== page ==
Elegy with Two Sets of Finite Numbers
Jonathan Johnson

The dead are adding up
and the world, this sunny day
of a woman walking up the street,
shoulders warm in her blouse,
doesn’t want them back.
I’m thinking now not mainly
of yours and mine, speckled hands
we held, eyes we searched,
but of those who kept loose tabs
on us, your former teacher, a poet
who read me well, the guy
with dirty postings
on his office door down the hall.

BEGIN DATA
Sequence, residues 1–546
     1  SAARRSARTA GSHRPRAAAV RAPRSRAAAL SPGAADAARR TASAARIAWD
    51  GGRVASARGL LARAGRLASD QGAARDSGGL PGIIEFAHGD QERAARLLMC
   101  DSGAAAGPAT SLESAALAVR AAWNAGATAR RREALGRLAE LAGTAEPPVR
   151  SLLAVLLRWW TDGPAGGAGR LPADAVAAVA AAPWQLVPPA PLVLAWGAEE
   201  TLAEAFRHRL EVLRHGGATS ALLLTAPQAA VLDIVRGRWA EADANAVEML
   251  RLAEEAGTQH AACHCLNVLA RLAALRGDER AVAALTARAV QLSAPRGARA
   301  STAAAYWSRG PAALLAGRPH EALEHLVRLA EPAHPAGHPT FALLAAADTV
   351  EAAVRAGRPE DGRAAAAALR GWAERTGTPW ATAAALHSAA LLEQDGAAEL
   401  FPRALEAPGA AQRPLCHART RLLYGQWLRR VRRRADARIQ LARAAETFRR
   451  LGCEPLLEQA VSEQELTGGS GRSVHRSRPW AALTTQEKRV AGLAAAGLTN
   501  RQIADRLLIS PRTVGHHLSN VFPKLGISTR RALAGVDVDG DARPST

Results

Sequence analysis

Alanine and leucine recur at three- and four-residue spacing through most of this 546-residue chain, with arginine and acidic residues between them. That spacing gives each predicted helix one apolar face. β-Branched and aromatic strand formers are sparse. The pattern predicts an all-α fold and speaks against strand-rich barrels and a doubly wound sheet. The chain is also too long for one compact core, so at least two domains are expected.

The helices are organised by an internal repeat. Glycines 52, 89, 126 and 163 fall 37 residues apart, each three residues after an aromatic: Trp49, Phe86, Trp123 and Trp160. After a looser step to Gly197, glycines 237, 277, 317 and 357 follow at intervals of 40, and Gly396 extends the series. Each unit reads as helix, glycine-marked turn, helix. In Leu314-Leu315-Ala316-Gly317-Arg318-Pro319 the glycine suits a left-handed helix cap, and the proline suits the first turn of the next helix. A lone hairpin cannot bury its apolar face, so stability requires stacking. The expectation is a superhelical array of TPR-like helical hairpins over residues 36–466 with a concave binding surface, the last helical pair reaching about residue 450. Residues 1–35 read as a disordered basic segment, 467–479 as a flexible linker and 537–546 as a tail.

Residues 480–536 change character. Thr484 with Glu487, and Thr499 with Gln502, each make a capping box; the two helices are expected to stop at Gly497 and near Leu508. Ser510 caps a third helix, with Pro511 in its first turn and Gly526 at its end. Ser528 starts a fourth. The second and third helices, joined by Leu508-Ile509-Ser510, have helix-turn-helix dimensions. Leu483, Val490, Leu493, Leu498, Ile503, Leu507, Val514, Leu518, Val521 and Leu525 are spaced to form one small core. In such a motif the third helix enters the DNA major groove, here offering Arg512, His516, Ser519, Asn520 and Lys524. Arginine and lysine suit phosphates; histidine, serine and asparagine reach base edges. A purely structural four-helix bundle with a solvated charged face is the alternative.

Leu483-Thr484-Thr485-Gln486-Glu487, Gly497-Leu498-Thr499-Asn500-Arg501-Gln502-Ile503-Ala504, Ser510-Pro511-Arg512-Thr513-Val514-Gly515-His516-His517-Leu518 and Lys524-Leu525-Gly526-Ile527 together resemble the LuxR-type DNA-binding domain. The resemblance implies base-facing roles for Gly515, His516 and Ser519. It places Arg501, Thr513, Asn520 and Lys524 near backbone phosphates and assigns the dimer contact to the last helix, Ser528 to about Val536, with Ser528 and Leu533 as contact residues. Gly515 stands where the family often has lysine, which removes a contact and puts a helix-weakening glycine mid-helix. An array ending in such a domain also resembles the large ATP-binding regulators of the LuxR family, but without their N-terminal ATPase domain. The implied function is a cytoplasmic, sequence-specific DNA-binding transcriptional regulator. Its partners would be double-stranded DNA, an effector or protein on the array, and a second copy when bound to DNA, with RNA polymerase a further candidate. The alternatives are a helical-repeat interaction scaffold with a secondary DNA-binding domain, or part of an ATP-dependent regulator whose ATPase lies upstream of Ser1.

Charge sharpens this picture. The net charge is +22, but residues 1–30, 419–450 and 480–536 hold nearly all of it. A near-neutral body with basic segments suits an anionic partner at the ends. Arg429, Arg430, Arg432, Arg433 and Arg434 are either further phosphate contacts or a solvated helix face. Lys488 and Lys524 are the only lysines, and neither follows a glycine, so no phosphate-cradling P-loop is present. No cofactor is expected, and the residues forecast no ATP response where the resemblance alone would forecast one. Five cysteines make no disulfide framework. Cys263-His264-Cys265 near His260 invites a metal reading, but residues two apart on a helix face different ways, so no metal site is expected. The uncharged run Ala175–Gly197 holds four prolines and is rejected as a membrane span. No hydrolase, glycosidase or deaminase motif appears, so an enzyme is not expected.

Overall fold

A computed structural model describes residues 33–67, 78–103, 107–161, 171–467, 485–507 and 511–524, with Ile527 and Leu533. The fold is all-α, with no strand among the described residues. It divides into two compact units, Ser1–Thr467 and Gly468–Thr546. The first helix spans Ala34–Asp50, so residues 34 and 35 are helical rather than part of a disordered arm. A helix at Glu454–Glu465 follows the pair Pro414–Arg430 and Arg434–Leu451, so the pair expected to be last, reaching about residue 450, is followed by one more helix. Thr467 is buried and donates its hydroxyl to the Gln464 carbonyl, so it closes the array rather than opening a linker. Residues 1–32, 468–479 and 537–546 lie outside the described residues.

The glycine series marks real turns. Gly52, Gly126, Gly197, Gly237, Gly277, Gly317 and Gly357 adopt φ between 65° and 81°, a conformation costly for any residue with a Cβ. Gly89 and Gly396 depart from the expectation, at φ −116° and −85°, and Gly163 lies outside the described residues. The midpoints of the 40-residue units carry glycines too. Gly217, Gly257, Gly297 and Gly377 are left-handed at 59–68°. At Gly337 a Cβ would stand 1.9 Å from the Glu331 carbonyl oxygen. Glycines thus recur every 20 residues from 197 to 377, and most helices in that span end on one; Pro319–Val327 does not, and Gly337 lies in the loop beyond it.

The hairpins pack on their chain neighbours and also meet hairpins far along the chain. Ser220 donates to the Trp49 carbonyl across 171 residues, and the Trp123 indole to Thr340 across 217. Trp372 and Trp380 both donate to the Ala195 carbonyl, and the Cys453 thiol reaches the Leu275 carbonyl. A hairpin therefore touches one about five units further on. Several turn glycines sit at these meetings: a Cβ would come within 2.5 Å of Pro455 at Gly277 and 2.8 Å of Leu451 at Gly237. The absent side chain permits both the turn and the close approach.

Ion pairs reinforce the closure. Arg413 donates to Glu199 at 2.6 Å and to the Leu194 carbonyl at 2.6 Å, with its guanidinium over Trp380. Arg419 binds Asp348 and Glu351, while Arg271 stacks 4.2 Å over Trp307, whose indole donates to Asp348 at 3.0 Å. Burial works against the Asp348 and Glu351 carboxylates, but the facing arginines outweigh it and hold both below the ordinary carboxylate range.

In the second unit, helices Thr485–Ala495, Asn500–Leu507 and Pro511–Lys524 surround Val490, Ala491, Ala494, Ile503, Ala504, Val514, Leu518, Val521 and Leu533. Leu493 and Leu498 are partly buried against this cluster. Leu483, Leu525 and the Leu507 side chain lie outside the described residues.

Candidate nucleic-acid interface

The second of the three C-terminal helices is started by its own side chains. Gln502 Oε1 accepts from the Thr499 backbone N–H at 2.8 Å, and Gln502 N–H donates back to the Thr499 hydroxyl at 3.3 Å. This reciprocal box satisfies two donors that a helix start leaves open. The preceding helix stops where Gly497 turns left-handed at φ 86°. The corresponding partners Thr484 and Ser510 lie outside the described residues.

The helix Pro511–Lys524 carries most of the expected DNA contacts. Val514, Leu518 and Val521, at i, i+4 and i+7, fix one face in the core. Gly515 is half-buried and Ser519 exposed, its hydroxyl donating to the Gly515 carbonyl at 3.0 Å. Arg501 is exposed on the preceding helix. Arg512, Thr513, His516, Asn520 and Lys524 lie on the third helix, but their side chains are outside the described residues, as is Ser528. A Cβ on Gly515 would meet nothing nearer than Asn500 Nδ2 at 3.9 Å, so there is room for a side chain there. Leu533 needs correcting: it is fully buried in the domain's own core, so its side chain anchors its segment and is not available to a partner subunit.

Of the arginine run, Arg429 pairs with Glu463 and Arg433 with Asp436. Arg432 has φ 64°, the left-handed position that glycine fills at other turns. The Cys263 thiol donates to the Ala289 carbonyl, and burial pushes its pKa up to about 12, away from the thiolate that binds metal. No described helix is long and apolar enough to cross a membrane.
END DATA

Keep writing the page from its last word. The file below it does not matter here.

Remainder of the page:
There was that friend my mother
loved, the heavy, kind woman who
photographed the heavy ships arriving.
Does anyone see those photographs?
But then, that’s not the point,
not really, is it?  There are
so many more of them than us.
I’m not thinking specifically of your dead
or mine.  I’m not.  Today
I’m thinking of those we knew enough
to notice they won’t be walking by
and seeing us, the ones who knew them,
while there are any of us left.

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